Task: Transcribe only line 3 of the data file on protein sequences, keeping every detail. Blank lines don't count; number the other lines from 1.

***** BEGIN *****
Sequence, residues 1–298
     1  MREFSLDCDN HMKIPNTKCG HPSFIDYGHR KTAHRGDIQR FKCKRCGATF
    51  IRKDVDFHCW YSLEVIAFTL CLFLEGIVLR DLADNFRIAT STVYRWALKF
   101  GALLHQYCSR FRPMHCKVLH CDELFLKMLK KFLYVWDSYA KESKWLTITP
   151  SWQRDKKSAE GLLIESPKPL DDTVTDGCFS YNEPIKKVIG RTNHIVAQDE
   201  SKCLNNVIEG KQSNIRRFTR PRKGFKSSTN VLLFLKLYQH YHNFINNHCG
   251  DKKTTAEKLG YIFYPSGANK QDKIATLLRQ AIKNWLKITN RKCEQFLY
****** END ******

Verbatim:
    51  IRKDVDFHCW YSLEVIAFTL CLFLEGIVLR DLADNFRIAT STVYRWALKF